25 Nov 2002: Parental drug use, effect on kids

5 Dec 2002: Advisory Council on the Misuse of Drugs - Ainsworth: "Minutes of meetings of the Council are not published documents".

5 Dec 2002: Updated Drug Strategy - Hughes: "the issue goes beyond illegal drugs and includes alcohol, tobacco and so-called medicinal drugs that can also become addictive, such as amphetamines". Lilley: "It is bizarre to let people get drunk on alcohol, which is far more likely than cannabis to lead to violence, but to criminalise them for smoking one relaxing joint". Djanogly: "I note that not enough is being said here today or generally about alcohol abuse. There is a lack of clarity surrounding the Government's policy on how drugs and alcohol policy combine. The two cannot be detached". Wishart: "What has underpinned successive strategies in the past three decades … is our unshattering belief in prohibition—that by keeping drugs illegal we will keep people off drugs. Drug use has spiralled almost out of control under prohibition. We need to focus on the greatest killer of all drugs, the drug that causes us the greater number of problems and poses the greatest associated health risk, and that is alcohol. We know that alcohol has almost a monopoly on the legal drugs market". Stinchcombe: "some prohibited drugs are less harmful than drugs that are legal. Alcohol is addictive, leads to violence, is damaging to health, and kills between 5,000 and 40,000 people every year in England and Wales—yet it is lawful to buy, lawful to sell and lawful to use, subject only to constraints on age and access. Tobacco is lawful too, even though it is addictive, causes cancer and kills 120,000 people every year in the UK. If we were brave enough, we could take the trade in cannabis away from criminals, license it, regulate it, tax it and make it safe". Summary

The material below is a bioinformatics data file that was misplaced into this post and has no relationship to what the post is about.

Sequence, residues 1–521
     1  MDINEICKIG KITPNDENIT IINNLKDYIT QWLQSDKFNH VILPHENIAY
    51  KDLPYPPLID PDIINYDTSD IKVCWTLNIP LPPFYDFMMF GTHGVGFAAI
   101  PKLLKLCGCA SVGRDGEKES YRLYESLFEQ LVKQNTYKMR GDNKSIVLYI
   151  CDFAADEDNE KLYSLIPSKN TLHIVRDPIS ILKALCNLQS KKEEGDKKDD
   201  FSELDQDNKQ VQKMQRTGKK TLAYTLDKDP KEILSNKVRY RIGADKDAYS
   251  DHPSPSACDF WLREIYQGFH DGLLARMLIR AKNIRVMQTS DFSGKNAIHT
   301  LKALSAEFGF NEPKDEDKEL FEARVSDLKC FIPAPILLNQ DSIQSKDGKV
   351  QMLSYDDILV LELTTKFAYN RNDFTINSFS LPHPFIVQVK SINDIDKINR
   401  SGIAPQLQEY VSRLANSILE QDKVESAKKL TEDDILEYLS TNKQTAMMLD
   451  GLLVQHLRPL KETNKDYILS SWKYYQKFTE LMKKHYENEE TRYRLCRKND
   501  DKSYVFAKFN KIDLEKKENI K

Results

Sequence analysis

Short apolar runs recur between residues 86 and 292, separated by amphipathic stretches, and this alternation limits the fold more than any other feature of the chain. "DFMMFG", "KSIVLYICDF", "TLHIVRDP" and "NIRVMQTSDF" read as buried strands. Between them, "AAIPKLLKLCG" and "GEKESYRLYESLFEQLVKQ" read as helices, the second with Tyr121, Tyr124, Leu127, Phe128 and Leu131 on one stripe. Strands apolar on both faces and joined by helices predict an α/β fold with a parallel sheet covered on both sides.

13 Jan 2003: Drugs Policy: compulsory treatment

20 Mar 2003: Home Affairs Committee & UN mid-term review, Venna - Chairman: "I read your response to the comments by the International Narcotics Control Board in their annual report about the Government's very modest and sensible decision to reclassify cannabis. You talk of their "selective and inaccurate use of statistics"." Ainsworth: "I think UN bodies ought to base their pronouncements on evidence, fact and legal basis, and not on reaction and knee-jerk comment. It certainly seemed to me that that was exactly what they were doing. I do not believe there is any justification for the comments that they made". Chairman: "Is this organisation in the hands of zealots, do you think? Are their comments usually as unscientific and unjust as the ones in relation to our decision to reclassify cannabis? Why are their reports so unscientific if they have all these experts?" Ainsworth: "I do not know what the reasons were, whether it was headline-grabbing or whether it was just reacting to a lobby. It did not seem to be based on any reference to fact. Our analysis is that none of the Conventions are in any way preventing us from doing what we want to do". Cameron: "the Government position on the two UN bodies seems to be that they are pretty hopeless talking shops that set very odd targets, that use extraordinary statistics, but we have to take part, we have to be there and try and have an input. Is that an unfair summary?" Ainsworth: "I do not believe that international bodies should behave in that way and make pronouncements without any basis of fact or legality". Russell: "we suggested the Government should initiate a discussion with the Commission on Narcotic Drugs of alternative ways, including the possibility of legalisation and regulation to tackle the global drugs dilemma. The Government did not accept that recommendation. I wonder if you would care to say why". Ainsworth: "We do not believe legalisation is appropriate. Legalisation will carry its own problems. Those problems will self-evidently be some increase in prevalence and in usage".